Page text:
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XXXI. To manlike, and substantial manner, to the satisfaction of the
days after the com-
4. If the works shall not be completed, or if the said scaffolding, implements, and plant shall not be removed within the times hereinbefore respectively mentioned, then, and in either such case, for every subsequent working-day until the completion of the works or the removal of the said scaffolding, implements, and materials, as the case may be, the builder shall pay to the owner £- - as liquidated damages : and it shall be lawful for the owner to deduct any sum which may become payable to him, under or by virtue of this clause, from the money which shall be due to the
builder under this agreement.
give or leave notice in writing of such default at the place of
the owner by the builder.
within days (or months) next after the completion of
(6) See Duckworth v. Alison, 1 Mee. & W. 412.
To the satis. faction of
7. If the owner should direct any more work to be XXXI. To
Build & done (d) in or about the said dwelling-house and premises House, &c.
work to be owner before payment of the remuneration, the owner has a right paid for. to be given an opportunity to inspect the work before he can be required to pay; but he must not refuse his approval unreason- surveyor or
architect. ably; and it is for the jury to say whether or not such refusal is reasonable: Dallman v. King, 5 Sc. 382; Parsons v. Sexton, 16 L. J., C. P. 181, 184.
(d) A contract for building a house is clearly not a contract Additional relating to land, or for th sale of goods, within the Statute of work. Frauds, and unless it is not to be performed within the year, may be made by parol, and if made by writing, may be subsequently varied by parol: Vide ante, p. 372 et seq. In Pinner Contracts for V. Arnold, 2 Cr., M. & R. 613, it was held that an agreement for sale of goods the purchase of a copper-plate press, to be made and delivered and for work within three months, was within the exemption in the Stamp Act distinguished. (55 Geo. 3, c. 184), as being an agreement for the sale of “goods, wares or merchandise.” See Cotterell v. Apsey, 6 Taunt. 322; Heath v. Freeland, 1 Mee. & W. 543. Where a builder contracts for a particular sum, and additions are made to the original plan, the contract remains binding as far as it can be traced, and the excess only is recoverable on a quantum meruit: Pepper v. Burland, Peake, N. P. C. 103; Robson v. Golfrey & Thomas, Holt, N. P. C. 236; S. C. 1 Stark. 275. See Hoadly v. Maclaine, 4 Moo. & S. 340; Jackson v. Galloway, 6 Scott, 786; Lovelock v. King, 1 M. & Rob. 60.
While an express contract is subsisting, no compensation can Express conbe recovered upon a quantum meruit for work done which can be tract excludes referred to it: Sinclair v. Bowes, 9 B. & Cr. 92. Thus, where any implied
promise. the plaintiff agreed to remove certain rubbish at a specified sum, under a fraudulent representation by the defendant as to the quantity, it was held that he could not recover for the excess : Selway v. Fogg, 5 Mee. & W. 83. See Read v. Hutchinson, 3 Camp. 352 ; Ferguson v. Carrington, 3 Car. & P. 457; 9 B. & Cr. 59; Rees v. Lines, 8 Car. & P. 126. So where an architect employed by the defendant to prepare plans and specifications, took out the quantities, and the plaintiff believing they were correct, made a tender, which was accepted, it was held that the plaintiff could not claim more than the contract price, although, by reason of the incorrectness of the quantities, he had expended more materials than he had contemplated : Scrivener v. Pask, L. R., 1 C. P. 715. In an action for extra work, the written contract must be produced: Jones v. Howell, 4 Dow, P. C. 176. See Reid v. Batte, i Mood. & M. 413; Vincent v. Cole, Id. 257; 3 Car. & P. 481; Fielder v. Ray, 3 Moo. & Pay. 659; Stephens v. Pinney, 2 J. B. Moore, 349; Hughes v. Budd, 8 Dow, P. C. 478. But when there is no agreement for a specific sum, or for completion of the work or non-payment, the value of the work done may be recovered from time to time before the completion of the contract, if the work is of a kind that is usually so paid for : Roberts v. Havelock, 3 B. & Ad. 404. If a fixed price is agreed upon, and the work furnished is of Effect of fur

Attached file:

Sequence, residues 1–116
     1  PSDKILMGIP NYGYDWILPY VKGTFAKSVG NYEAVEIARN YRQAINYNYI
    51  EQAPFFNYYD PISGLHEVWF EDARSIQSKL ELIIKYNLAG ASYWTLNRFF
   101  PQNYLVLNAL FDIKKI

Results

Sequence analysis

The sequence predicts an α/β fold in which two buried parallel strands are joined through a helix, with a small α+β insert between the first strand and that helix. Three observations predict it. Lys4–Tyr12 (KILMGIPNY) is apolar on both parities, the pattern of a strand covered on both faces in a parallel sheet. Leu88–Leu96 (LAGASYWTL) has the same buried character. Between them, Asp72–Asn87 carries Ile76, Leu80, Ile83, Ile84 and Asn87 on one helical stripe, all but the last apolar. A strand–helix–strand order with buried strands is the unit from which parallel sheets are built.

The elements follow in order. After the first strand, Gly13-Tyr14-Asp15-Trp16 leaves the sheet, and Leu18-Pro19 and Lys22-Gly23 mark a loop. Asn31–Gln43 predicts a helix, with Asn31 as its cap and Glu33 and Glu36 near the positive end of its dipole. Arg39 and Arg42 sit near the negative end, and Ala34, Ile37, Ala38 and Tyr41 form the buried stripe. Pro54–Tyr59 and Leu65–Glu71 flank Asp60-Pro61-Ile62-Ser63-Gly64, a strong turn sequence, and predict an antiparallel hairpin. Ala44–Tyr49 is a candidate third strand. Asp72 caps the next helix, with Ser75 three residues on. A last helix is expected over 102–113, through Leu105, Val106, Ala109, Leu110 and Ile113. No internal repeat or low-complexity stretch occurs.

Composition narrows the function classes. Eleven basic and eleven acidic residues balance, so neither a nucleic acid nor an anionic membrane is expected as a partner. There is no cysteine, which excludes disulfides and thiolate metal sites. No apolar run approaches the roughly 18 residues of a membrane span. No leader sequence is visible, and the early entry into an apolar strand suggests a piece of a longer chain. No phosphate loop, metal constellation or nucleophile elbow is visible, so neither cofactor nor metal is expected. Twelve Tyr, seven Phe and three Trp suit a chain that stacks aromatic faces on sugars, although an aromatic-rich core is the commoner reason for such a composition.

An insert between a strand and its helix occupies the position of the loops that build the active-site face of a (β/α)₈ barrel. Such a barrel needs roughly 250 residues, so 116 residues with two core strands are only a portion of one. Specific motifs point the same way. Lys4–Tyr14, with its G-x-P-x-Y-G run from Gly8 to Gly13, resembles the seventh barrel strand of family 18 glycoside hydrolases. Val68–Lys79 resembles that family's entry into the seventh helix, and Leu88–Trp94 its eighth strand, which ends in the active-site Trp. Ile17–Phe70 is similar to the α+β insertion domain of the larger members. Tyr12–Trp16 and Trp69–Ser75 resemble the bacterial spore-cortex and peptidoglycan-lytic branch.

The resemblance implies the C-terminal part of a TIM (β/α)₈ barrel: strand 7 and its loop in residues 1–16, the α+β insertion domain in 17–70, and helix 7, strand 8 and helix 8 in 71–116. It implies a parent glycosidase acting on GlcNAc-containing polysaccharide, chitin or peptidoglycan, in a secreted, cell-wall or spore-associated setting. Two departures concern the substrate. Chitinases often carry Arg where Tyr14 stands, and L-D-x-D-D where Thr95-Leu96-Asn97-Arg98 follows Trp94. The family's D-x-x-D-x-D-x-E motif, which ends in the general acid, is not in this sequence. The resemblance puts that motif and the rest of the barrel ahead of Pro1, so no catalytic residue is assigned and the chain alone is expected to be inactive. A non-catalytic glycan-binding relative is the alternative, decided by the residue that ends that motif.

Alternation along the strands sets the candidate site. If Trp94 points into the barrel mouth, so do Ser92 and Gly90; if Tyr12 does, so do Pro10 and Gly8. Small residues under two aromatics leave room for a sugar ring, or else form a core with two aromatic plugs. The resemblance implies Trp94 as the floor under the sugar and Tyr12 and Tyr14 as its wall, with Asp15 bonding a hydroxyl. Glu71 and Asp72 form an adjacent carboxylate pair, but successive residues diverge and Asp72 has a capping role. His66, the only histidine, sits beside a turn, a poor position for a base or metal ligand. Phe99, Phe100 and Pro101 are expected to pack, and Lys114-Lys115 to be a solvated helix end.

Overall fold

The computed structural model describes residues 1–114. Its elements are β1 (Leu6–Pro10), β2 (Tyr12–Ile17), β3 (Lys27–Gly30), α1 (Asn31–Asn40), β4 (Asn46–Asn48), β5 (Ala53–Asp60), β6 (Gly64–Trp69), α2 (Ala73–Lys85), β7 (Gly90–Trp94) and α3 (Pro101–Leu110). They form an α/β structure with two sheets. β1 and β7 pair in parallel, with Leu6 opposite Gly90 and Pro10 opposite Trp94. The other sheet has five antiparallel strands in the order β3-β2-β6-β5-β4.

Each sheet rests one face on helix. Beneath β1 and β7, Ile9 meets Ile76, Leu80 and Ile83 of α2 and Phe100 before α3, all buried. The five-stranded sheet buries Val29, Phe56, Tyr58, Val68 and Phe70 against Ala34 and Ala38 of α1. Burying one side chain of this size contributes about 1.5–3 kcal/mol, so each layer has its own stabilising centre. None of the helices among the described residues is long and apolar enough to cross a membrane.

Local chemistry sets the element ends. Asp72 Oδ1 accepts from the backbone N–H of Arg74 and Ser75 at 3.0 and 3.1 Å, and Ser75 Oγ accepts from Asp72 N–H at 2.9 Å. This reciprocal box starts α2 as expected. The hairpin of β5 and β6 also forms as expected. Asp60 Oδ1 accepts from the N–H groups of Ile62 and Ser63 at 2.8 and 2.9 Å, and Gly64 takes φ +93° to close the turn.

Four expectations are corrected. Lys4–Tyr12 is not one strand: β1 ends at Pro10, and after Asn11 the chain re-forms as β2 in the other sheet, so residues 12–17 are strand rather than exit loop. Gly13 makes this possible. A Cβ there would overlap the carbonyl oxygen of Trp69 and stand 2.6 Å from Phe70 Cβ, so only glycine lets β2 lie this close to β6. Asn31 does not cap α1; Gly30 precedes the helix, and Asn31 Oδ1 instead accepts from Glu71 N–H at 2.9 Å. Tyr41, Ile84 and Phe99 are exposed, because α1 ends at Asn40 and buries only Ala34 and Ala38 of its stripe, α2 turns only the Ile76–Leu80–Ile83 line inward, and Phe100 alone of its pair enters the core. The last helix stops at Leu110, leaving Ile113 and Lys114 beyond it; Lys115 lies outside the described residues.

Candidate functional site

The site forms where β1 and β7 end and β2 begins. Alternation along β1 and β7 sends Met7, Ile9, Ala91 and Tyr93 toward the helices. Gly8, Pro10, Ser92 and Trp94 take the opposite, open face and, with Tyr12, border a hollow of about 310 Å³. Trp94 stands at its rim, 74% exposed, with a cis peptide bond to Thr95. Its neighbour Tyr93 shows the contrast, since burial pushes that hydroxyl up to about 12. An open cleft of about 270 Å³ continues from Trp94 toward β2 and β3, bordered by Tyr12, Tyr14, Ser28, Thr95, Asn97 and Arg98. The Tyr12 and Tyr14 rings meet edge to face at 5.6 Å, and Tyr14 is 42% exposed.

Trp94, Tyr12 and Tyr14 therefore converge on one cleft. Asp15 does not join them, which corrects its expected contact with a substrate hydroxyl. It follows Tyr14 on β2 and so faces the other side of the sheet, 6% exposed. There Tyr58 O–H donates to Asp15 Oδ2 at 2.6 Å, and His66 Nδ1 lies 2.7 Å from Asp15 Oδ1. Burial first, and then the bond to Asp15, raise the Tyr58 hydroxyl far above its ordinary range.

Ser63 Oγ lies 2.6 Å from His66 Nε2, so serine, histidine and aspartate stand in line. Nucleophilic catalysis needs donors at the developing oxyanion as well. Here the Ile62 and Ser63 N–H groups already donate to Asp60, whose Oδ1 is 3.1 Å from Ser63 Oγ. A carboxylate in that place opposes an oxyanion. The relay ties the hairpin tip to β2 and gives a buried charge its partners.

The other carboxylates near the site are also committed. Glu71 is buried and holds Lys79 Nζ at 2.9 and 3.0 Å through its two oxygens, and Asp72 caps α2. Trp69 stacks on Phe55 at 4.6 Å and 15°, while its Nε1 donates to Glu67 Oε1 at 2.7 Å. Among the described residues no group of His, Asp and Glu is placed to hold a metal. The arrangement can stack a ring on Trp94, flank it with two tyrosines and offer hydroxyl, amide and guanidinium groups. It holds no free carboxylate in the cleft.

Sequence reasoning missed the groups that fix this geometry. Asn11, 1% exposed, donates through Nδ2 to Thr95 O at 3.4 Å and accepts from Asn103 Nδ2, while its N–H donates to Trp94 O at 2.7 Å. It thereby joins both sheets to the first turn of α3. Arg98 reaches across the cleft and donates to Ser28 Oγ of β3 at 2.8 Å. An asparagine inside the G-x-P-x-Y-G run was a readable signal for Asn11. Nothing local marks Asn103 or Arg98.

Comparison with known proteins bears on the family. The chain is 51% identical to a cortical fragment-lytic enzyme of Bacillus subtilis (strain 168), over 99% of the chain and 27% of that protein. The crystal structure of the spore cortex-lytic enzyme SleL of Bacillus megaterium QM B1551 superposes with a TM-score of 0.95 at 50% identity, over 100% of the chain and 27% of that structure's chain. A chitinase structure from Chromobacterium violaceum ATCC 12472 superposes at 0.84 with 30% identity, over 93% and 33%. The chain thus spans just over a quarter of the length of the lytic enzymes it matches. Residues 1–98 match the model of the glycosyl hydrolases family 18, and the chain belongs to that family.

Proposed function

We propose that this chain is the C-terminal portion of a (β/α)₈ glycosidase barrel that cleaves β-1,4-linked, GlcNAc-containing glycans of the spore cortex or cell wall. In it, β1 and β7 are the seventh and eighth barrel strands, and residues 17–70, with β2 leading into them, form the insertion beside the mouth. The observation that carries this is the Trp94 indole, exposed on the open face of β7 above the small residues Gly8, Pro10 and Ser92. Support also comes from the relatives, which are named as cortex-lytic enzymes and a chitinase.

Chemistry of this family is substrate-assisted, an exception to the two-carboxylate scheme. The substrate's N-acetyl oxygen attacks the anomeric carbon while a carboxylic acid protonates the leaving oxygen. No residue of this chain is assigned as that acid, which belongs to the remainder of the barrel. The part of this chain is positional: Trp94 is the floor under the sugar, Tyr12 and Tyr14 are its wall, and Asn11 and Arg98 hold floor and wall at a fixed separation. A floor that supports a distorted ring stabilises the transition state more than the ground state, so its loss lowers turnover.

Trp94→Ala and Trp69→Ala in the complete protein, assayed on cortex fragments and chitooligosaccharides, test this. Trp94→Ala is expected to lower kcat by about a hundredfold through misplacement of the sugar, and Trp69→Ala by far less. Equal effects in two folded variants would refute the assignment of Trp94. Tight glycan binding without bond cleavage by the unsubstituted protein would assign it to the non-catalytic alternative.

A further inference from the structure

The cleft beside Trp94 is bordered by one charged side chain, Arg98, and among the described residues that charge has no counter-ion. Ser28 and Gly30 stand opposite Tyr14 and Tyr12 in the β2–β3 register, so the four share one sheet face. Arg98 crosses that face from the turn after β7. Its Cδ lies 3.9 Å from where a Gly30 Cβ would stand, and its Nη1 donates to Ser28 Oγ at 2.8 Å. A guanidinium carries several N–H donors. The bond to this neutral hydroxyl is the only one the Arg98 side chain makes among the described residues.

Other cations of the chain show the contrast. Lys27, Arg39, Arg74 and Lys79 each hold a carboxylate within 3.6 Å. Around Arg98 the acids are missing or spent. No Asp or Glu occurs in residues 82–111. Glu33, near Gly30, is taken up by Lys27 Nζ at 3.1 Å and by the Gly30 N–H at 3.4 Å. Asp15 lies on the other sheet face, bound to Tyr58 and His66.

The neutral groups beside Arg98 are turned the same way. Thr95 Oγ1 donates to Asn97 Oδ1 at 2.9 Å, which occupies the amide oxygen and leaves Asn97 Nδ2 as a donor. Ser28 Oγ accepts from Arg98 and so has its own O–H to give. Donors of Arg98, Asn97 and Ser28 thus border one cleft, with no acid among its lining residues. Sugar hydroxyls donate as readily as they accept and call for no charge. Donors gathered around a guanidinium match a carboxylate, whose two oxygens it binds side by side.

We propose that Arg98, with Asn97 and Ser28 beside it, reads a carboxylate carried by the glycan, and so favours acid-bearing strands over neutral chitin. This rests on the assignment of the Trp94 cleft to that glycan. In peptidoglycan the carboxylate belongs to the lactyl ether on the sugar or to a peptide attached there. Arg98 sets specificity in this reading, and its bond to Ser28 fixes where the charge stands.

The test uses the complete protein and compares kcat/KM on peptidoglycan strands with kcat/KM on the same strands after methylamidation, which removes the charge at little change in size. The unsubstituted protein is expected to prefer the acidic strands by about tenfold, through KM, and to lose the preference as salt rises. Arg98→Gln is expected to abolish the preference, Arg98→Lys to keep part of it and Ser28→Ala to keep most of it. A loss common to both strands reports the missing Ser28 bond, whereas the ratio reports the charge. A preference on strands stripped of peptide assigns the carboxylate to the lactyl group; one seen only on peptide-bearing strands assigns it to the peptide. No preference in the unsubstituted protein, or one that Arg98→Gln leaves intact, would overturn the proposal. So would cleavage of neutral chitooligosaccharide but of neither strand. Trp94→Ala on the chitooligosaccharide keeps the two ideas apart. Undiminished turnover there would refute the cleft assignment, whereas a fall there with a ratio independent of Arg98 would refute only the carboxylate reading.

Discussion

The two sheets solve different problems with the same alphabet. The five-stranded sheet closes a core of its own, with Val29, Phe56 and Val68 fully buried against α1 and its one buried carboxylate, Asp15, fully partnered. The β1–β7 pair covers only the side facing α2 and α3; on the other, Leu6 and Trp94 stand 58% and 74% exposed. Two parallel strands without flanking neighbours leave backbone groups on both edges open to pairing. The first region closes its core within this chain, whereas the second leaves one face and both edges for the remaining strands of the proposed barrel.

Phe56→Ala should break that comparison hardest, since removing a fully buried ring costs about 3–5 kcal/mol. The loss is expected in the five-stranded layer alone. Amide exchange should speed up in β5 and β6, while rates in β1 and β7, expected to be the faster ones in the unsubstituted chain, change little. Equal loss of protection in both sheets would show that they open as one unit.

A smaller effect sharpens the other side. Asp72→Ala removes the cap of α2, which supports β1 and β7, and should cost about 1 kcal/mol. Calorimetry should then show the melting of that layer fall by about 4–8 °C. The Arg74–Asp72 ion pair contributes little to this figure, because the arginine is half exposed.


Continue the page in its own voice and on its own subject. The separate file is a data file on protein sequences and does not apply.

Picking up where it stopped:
nishing better 7 East, 479; Grounsell v. Lamb, 1 Mee. & W. 352. Loss by fire. As to the effect of loss by fire before the completion of the con
XXXI. To than is mentioned in the schedule hereunder written, the
work, and the materials used therein, shall amount unto, in Omitted work addition to the said sum of £- -; And if it should be to be deducted.
thought proper by the owner to diminish or omit any part of the work in the said schedule hereunder written, Then, and in such case, the builder shall allow out of the said sum of £
so much money as the work so to be diminished or omitted shall amount unto, upon a reasonable valuation. No extra or additional work shall be done by the builders without the previous order in writing of the owner.
8. All work which may be rendered necessary by reason of the works hereby agreed to be executed by the builders, and also all things which may fairly be inferred from the said plans and specifications, although such works and things respectively may not have been actually specified in the same plans and specification, shall not be deemed to be
work than better quality than that stipulated for, this, if it was done withthat con- out authority, is still only a performance of the agreement, and tracted for.
the party can neither recover an additional compensation, nor have back his work in order that he may substitute an article of
inferior quality, but sufficient to satisfy the contract: Wilmot v. Repairs by Smith, 3 Car. & P. 453. On a similar principle depends the rule tenant.